Why this framing? Why not ask how other stores are handling the adjustment? Why not pay employees a living wage now so as not to have to change business model every year? Why does a bookstore owner feel comfortable getting up and saying this in front of an audience of booksellers?
If your local indie bookstore skirts labor laws or advocates against them, at the expense of its employees, can you still be sanctimonious for shopping there? Is your local indie bookstore thriving if its employees skip doctor’s appointments they can’t afford? If your local indie bookstore’s trade group doesn’t have resources for booksellers on paid sick leave, health insurance, or wage theft–in an industry famous for its tiny margins–is it an industry you’d recommend joining?
“We find ourselves in the uncomfortable position of being believers in social and economic justice while struggling to pay our employees a salary they can survive on,” writes Elayna Trucker on shopping local and running a bookstore; “We urge our customers to Shop Local but make hardly enough to do so ourselves. It is an unintentional hypocrisy, one that has gone largely ignored and unaddressed. So where does all that leave us? Rather awkwardly clutching our money, it seems… All of this brings up the most awkward question of all: does a business that can’t afford to pay its employees a living wage deserve to be in business?”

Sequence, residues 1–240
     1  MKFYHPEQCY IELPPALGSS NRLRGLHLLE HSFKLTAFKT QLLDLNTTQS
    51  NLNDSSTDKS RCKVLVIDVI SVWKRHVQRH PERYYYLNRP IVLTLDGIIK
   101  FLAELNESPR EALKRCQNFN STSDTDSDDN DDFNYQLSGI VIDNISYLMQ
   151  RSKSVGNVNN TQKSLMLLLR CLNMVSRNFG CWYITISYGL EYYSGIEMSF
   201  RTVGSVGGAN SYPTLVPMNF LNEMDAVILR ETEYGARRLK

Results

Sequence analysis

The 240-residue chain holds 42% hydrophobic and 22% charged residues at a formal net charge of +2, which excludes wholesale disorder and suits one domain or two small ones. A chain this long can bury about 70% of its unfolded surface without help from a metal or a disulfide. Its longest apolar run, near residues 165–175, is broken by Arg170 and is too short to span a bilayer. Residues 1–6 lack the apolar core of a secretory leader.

I am so glad I don’t have to come up with an answer. I have no idea. I haven’t the faintest idea at all.
In the end it was a tweet. I left the bookstore after the holidays and started a new job in January. In February, after a night of shitty sleep, I tweeted, “I have been spending hours lying awake at night doing nothing but feeling this intense shame like a stone in my chest about experiencing wage theft at my last job and I am sincerely just hoping that tweeting about it is enough to make it stop so let’s see if it works.”
A day or two later I got an email. “It’s filtered back to me that the $1000 we gave you to settle the Sunday pay issue,” they said, “didn’t resolve it.” They said some things about how they hadn’t known until I told them. They cut me a check for the back pay that same day.
I didn’t delete the tweet. I don’t know if any of my coworkers got back pay.